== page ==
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  #26  
Old 11-20-2014, 09:10 AM
Joe-n-TX Joe-n-TX is offline
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usgi .50 cal ammo can. The ammo inside will outlast the shooter. Throw in some silica packs if you're really concerned.
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  #27  
Old 11-20-2014, 02:46 PM
DV8r DV8r is offline
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Quote:
Originally Posted by Joe-n-TX View Post
usgi .50 cal ammo can. The ammo inside will outlast the shooter. Throw in some silica packs if you're really concerned.
Only if I forget where I stashed it. :-)
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  #28  
Old 11-20-2014, 02:47 PM
DV8r DV8r is offline
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Quote:
Originally Posted by Leicajh View Post
I used to teach Aerospace Physiology. 14.7 is not a vacuum. It the average air pressure at sea level
I am glad that you didn't teach English. ;-)
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  #29  
Old 11-25-2014, 07:48 PM
Lostball Lostball is offline
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The old Winchester Silvertip ammo boxes with the foam cartridge holders make for rattle free bug out bag storage. I keep two boxes of 9 mm in plastic bags to keep them waterproof.
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  #30  
Old 11-25-2014, 08:14 PM
WildWilli WildWilli is offline
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The vacuum sealers do not require you to pull full vacuum before sealing. Just suck a little of the air out and then seal. No potential problems then.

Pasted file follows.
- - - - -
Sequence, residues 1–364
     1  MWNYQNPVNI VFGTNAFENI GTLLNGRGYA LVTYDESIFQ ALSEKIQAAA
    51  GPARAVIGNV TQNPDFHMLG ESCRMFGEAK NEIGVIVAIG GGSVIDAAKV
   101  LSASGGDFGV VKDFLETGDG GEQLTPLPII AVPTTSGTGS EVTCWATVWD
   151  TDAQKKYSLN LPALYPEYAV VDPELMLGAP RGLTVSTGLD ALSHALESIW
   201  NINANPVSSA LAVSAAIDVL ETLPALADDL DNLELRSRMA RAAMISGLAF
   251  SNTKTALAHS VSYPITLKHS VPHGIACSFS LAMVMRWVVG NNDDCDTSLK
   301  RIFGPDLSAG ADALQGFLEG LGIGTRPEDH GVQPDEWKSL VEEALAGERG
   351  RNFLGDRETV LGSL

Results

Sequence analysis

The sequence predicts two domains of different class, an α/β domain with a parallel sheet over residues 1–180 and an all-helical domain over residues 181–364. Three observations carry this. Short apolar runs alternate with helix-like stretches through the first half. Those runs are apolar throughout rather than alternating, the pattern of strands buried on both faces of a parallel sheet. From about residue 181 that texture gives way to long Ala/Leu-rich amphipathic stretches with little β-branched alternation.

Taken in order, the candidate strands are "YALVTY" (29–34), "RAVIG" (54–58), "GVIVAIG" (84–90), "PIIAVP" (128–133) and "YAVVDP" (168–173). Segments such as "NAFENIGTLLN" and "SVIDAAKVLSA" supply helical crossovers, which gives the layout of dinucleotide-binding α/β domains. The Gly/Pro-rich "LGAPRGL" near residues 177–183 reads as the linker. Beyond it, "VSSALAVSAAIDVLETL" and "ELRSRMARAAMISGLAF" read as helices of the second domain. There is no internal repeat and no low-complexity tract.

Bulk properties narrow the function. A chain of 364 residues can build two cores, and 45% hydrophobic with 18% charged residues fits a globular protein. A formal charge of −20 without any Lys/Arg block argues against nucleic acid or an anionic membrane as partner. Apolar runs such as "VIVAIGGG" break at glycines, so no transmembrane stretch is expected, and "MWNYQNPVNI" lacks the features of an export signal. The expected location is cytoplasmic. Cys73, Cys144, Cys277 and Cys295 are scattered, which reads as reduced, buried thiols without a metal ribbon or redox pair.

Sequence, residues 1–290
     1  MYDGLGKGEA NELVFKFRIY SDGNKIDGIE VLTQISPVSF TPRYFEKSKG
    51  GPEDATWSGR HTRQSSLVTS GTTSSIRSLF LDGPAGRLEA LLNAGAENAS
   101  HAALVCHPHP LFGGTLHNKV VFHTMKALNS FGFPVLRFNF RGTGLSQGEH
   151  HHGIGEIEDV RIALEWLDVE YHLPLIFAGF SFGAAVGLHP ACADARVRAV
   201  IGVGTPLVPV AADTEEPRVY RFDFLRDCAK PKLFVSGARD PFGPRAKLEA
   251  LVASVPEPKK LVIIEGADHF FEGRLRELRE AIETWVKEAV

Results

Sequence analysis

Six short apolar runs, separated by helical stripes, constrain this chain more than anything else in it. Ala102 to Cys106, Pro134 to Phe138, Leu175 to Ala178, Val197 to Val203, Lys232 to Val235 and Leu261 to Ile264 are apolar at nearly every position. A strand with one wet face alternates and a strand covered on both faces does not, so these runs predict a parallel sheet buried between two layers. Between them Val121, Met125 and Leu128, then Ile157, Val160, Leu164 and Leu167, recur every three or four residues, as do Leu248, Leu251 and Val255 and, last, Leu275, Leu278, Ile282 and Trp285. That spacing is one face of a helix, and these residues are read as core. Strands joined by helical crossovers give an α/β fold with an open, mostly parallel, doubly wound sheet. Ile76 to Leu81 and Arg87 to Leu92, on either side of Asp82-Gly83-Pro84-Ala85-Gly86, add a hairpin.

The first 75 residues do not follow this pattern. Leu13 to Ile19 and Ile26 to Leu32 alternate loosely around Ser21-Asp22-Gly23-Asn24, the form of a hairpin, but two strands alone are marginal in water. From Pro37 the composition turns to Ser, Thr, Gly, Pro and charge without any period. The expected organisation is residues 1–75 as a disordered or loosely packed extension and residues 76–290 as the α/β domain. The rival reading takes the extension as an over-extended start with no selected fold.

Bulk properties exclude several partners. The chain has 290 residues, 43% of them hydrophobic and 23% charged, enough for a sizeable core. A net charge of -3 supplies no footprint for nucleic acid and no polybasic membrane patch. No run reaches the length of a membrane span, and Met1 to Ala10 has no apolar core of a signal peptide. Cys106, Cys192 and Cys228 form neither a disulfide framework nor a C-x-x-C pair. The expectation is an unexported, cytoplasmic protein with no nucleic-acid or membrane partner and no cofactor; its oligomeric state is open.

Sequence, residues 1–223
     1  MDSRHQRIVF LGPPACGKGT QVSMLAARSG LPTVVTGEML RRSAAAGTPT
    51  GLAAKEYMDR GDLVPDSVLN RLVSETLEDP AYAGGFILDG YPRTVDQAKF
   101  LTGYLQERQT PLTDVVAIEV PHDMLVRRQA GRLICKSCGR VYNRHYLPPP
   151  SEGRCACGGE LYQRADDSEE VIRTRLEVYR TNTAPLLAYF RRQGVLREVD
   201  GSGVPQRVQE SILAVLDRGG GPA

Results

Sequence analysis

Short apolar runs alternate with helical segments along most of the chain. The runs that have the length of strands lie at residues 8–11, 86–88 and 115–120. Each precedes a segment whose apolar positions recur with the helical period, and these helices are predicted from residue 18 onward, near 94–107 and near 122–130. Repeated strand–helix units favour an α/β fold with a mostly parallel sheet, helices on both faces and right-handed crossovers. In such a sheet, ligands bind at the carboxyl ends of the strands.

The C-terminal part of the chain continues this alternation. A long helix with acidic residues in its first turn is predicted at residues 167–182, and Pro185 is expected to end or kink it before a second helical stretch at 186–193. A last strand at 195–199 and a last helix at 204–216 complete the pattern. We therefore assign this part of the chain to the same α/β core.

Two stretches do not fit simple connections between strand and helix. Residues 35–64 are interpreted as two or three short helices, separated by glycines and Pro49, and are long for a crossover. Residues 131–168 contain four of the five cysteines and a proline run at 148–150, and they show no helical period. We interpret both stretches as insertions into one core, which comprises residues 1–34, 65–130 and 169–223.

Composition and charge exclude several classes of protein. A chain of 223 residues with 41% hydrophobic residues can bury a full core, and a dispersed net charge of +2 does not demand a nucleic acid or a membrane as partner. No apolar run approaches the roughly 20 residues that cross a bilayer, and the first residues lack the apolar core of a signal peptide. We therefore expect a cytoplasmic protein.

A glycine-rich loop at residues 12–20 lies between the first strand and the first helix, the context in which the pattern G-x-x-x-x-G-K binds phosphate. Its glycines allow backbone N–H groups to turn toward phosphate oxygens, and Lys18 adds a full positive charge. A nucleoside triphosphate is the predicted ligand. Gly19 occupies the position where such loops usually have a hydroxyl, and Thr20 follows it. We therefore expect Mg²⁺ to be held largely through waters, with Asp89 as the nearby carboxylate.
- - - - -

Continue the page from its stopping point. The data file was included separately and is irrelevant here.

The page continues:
Another solution is to find a good convenient size Tupperware container your wife won't immediately miss. Throw in a small silica pack for desiccant if you are worried about moisture.
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  #31  
Old 11-26-2014, 08:43 AM
1saxman 1saxman is online now
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Recurveman. Your method is good and needs no modification. I have reloaded 9mm 115gr HP that I use for range ammo put up in 50-rd baggies, each with a desiccant bag. Its been this way for 20 years and the desiccant bags still show blue, indicating 'good'. And these are the cheap, thin sandwich baggies, not the HD freezer bags that you're using. When putting up ammo this way, all you do is push all the air out of the bag that you can - doesn't have to be a 'vacuum'. A vacuum would also be fine if you have the machine to do that but the other way is fine too.
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  #32  
Old 11-26-2014, 08:50 AM
1saxman 1saxman is online now
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Quote:
Originally Posted by DV8r View Post
I am glad that you didn't teach English. ;-)
Perhaps his composition and grammar are questionable but the facts are stated clearly.